The Gitmo Dilemma
Classified documents released by the government watchdog group Wikileaks reveals the disturbing operations of Guantanamo Bay.
The 700 plus documents, dubbed The Guantanamo Bay Files, disclose questionable procedures of Gitmo officials. They include torture, unwarranted detentions, and exaggerating the danger posed by detainees.
Despite the recentness of the leaks publication, news organizations throughout the world were quick to meticulously analyze the files content. While some periodicals chose to omit specific details from their reports, the atrocities committed were difficult to ignore.
Unwarranted Arrests and Detention
Ever since the creation of the Guantanamo detention center in 2002, one of the key concerns of it's critics was the validity of inmate criminality. The details from yesterdays leak gives credence to the Gitmo detractor's anxieties.
In one document, detailing an incident from 2003, an Afghan shepherd was arrested near a roadside bombing. Despite interrogators dismissing the likelihood of his enemy combatant status, he was still imprisoned for three years, following his military tribunal.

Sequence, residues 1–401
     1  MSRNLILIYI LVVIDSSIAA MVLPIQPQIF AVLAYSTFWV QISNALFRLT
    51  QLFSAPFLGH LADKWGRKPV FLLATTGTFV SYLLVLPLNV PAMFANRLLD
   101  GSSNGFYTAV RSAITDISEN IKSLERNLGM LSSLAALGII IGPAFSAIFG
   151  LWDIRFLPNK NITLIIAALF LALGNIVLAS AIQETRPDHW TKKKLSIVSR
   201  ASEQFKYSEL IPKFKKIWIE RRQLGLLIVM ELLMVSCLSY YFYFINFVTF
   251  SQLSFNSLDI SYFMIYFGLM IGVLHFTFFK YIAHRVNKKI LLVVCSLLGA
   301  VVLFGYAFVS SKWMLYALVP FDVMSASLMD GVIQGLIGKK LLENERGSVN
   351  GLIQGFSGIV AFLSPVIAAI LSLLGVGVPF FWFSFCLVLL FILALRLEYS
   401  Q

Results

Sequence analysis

According to the documents, the injustice suffered by the Afghan shepherd is indicative of the circumstances many detainees faced during their internment. Sami al-Hajj, a journalist for Al-Jazeera, was imprisoned for six years while being questioned about details of the news agency he worked for.
"While Mr. Hajj insisted he was a journalist, his file says he helped Islamic extremist groups courier money and obtain Stinger missiles and cites the United Arab Emirates' claim that he was a Qaeda member," reports the New York Times.
Even more disturbing than the dubious criteria for enemy combatants were the methods of interrogation utilized. The report detailed sleep deprivation, shackling, and sexual humiliation as methods to extract intelligence. One such example was of Mohammed Qaktani who, among other things, was forced to urinate on himself.Continued on the next page